Bill Gates Calls For ‘Pandemic Firefighters’ In New Op-Ed

Bill Gates in a New York Times op-ed on Sunday called for a global response team to tackle pandemics.

“I worry that we’re making the same mistakes again,” he wrote, calling the COVID-19 pandemic, which killed over 6 million people worldwide, “a collective failure to prepare for pandemics.”

The op-ed was published about 10 days after the anniversary of the World Health Organization (WHO) declaring that the coronavirus was a pandemic in 2020.

Gates is the co-founder of Microsoft and a billionaire who, despite his pledges to continue giving away his money, is still No. 4 on the Bloomberg Billionaires Index. Gates runs philanthropy efforts through the Bill & Melinda Gates Foundation, which has long been interested in global health. He’s also involved in efforts to tackle climate change.

In his op-ed on Sunday and in his book published in 2022, “How to Prevent the Next Pandemic,” Gates is advocating for a specific model of global pandemic response.

In essence, he believes the world’s countries need to collaborate on a “fire department for pandemics.” This would include what he called “fire drills” where international teams would practice coordinating things from massive early testing to interpersonal education in an outbreak. He also implied this should be a team of trained professionals, not volunteers.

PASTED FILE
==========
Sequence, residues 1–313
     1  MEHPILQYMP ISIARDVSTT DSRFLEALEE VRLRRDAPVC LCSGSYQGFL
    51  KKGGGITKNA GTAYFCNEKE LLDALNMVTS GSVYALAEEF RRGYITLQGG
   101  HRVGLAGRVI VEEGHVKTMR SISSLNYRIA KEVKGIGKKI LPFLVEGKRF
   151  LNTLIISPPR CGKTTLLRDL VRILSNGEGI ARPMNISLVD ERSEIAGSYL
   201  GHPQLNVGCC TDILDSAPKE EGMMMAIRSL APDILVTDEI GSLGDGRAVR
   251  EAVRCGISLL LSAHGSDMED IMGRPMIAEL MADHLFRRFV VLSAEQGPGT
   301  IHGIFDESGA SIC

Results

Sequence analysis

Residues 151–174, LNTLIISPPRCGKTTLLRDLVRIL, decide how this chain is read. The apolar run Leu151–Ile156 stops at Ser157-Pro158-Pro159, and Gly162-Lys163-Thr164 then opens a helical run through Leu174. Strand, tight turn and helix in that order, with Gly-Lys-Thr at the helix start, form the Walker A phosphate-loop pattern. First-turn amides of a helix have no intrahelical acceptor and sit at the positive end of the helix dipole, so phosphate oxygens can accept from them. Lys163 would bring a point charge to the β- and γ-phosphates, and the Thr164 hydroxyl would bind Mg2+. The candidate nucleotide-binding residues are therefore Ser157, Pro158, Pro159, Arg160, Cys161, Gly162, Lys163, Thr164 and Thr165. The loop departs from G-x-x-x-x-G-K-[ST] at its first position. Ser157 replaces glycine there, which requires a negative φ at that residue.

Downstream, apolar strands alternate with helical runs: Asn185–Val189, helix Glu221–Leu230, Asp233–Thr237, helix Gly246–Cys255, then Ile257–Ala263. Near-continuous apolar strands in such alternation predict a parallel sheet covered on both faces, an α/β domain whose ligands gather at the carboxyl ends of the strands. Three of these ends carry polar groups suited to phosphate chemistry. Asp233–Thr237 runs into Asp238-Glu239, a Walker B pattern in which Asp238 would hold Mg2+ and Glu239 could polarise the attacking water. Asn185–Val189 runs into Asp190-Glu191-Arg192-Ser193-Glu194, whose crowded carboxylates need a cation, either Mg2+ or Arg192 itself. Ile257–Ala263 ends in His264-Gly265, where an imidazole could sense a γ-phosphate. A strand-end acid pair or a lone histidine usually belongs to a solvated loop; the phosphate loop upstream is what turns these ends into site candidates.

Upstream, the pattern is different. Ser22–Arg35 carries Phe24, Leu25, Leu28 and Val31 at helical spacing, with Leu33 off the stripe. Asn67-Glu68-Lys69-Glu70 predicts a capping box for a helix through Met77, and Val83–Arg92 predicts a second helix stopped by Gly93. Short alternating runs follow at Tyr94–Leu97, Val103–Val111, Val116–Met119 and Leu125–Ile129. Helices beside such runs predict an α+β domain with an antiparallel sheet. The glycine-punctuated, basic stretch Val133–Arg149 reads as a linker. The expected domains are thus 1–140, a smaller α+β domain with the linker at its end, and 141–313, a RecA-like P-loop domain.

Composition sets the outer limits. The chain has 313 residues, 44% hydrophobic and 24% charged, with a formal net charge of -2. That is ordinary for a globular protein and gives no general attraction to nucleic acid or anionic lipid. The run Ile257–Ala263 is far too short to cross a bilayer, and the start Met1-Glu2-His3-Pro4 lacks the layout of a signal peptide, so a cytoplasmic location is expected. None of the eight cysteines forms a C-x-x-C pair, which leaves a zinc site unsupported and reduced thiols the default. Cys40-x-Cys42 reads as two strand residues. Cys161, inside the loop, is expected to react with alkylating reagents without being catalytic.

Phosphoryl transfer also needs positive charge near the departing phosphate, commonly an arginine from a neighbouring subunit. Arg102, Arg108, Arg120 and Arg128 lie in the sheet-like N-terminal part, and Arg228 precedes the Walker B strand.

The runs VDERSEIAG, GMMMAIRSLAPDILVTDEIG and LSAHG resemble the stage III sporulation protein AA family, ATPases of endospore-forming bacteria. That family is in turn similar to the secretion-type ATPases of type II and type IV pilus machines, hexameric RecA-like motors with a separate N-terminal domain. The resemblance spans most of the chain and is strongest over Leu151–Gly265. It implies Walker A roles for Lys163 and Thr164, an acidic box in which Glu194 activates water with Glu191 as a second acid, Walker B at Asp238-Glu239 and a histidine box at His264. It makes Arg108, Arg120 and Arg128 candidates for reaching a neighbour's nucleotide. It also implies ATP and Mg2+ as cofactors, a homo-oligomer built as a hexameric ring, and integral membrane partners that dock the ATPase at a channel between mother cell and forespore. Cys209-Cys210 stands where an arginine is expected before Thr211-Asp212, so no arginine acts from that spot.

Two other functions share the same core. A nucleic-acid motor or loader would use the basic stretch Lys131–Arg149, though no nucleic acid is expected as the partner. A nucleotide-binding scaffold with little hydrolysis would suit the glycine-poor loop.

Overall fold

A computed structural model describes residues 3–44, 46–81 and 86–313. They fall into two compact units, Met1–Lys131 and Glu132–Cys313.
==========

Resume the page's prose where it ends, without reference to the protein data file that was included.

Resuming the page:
This is analogous to the “fire brigade” of thousands of experts he called for creating in the book. The op-ed also applauded the “Global Health Emergency Corps” that WHO and other organizations are working on.

In January, WHO released a report various ways to improve its response to global pandemics, such as forming a Global Health Emergency Council and a “global health emergency corps,” which would be a “trusted and trained national experts across a range of disciplines… in order to prevent and be operationally ready to rapidly detect and respond to new health threats.”

Gates said it was key for such a group to work quickly in the case of another pandemic, as speed is of the essence.

“These kinds of blazes are rare, but when they happen, there’s no time to waste,” he wrote. “The question is whether we have the foresight to invest in that future now before it’s too late.”

Experts suggest humanity is far from out of the woods as far as the risk of another pandemic. Climate change, human action, and even things like arctic ice thaw are unlocking long-gone diseases, according to ProPublica.

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